Book #37


The Birth-Mark by Nathaniel Hawthorne

A young woman and her scientist husband share a twisted obsession. Her stunning beauty is marred by a tiny flaw and it's driving them mad. They'll do anything to make her perfect--but there's danger in his lab. Will they go too far?

Hawthorne has created an abhorrent man here. Recently married to a virtuous and almost perfect woman, he begins to obsess over the birthmark on her face. Whilst in the past, men have told her the mark holds a certain charm, Aylmer is filled with disgust at the mere sight of it. Seeing him shudder every time his eyes land on the birthmark, Georgiana begins to hate it herself, and finally agrees for it to be removed.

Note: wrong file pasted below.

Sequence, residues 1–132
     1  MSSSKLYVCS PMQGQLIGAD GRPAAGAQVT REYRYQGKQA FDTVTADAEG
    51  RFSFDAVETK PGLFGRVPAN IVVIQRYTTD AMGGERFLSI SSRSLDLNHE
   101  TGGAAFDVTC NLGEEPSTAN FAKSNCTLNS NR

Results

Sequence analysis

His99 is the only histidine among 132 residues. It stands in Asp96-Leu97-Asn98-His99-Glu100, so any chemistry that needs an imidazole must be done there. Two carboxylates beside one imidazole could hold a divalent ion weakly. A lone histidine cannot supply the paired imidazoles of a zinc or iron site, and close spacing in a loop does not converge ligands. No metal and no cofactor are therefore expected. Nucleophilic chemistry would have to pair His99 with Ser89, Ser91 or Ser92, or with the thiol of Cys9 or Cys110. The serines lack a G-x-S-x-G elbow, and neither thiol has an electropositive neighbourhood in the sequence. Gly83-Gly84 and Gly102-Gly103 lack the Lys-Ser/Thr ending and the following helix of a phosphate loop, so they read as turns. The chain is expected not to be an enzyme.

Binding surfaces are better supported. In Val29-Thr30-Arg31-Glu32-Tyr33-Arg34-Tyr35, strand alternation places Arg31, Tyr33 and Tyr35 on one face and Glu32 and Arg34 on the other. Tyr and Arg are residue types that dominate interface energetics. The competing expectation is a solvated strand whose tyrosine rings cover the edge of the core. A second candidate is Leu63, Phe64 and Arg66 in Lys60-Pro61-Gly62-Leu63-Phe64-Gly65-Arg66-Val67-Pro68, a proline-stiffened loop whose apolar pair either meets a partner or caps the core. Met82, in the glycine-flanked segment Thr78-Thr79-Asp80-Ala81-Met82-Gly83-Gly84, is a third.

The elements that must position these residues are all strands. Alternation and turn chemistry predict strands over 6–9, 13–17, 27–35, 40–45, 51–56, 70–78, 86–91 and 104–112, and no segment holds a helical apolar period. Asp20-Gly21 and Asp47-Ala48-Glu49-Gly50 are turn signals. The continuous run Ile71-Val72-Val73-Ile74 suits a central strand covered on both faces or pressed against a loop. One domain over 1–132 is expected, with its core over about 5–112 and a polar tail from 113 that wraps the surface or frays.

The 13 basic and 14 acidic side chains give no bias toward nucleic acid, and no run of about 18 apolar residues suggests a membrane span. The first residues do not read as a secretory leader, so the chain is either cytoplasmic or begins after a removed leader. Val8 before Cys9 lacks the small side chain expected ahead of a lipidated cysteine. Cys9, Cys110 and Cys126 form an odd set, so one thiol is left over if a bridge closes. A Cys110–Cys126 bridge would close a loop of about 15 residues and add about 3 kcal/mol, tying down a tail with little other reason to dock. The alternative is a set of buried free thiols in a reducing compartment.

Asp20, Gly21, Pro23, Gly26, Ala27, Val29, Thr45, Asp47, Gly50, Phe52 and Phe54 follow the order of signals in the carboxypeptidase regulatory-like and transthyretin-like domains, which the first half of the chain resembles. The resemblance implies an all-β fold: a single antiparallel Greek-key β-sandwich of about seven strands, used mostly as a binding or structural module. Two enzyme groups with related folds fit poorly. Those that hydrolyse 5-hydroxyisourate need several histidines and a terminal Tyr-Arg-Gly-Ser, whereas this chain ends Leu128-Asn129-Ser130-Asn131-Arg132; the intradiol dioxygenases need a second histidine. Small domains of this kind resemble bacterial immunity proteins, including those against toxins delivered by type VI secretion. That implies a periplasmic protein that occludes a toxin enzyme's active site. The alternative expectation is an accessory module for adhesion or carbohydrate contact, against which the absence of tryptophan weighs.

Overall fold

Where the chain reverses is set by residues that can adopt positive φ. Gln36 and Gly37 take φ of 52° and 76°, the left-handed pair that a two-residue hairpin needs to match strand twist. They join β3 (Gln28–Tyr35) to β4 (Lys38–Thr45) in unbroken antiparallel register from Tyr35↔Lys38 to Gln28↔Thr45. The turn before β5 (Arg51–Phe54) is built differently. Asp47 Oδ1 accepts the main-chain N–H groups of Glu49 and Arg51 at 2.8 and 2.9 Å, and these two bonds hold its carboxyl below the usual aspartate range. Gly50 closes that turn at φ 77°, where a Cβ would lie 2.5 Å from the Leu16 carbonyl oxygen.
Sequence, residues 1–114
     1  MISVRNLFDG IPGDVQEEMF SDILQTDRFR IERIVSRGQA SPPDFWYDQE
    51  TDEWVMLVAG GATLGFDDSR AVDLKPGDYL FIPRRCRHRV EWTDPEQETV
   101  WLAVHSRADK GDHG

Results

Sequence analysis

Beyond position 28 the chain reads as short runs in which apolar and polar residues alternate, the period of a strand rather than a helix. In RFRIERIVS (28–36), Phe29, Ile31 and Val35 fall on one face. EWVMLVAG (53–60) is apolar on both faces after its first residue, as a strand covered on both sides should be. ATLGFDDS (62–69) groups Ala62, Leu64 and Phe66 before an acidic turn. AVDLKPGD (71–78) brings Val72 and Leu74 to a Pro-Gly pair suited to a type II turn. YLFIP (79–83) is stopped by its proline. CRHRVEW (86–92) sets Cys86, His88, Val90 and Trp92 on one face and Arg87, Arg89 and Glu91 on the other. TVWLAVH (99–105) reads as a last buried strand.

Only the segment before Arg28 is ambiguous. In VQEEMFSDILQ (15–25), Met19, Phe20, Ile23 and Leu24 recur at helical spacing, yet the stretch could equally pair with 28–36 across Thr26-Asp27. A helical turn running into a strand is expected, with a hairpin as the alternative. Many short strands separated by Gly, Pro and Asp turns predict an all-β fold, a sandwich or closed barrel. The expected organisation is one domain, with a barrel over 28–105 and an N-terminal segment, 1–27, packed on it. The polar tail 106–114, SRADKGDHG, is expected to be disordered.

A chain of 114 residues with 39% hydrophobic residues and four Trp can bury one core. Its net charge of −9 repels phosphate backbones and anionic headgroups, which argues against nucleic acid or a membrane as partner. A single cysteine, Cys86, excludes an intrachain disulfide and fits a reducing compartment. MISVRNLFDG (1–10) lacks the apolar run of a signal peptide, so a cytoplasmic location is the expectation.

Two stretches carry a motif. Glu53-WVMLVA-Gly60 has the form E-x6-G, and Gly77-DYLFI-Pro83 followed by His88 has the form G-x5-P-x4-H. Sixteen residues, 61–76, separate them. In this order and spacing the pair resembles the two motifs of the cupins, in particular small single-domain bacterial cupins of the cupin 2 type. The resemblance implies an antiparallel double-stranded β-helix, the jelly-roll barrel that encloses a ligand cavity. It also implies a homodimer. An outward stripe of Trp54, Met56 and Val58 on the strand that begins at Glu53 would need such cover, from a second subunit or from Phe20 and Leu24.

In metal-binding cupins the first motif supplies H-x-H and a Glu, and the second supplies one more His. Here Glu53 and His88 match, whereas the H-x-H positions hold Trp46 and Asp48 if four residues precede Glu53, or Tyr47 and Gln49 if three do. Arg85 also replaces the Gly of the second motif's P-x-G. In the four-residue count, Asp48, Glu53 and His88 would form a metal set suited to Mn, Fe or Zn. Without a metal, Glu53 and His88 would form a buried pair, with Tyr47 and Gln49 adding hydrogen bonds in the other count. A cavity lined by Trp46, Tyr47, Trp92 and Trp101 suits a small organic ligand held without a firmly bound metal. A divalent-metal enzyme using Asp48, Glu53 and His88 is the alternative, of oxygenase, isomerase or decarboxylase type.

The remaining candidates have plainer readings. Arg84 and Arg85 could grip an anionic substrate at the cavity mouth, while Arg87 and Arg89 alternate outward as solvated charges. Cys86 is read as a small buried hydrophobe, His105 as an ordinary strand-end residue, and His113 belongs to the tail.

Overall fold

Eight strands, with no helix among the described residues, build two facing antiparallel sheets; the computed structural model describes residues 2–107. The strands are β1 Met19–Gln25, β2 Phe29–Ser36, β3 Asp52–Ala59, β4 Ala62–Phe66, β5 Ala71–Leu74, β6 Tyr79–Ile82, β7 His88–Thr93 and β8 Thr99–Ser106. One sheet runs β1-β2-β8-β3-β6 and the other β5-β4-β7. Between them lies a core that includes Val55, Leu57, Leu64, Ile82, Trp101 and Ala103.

I found it difficult to dive deeply into this, and read mostly at face value as I was so raging. Georgiana’s sorrow and shame at how the birthmark makes her husband feel upset me a lot. That she allowed him to carry out the removal procedure, fully aware of the fatal risks, riled me. She would rather die than embarrass or disgust her husband. Think about that for a moment.

And yet, Aylmer’s assistant is portrayed as the most grotesque and brutal man to walk the earth, an Igor-like figure who disagrees with the plan to remove the birthmark. Do our ideas of perfection depend on our own status and appearance? Does the level at which we think of ourselves, affect the level we expect from others?

Deeply thought-provoking and uncomfortable, as is Hawthorne’s usual offerings, this is a worthwhile and engaging walk through selfishness, vanity, and control.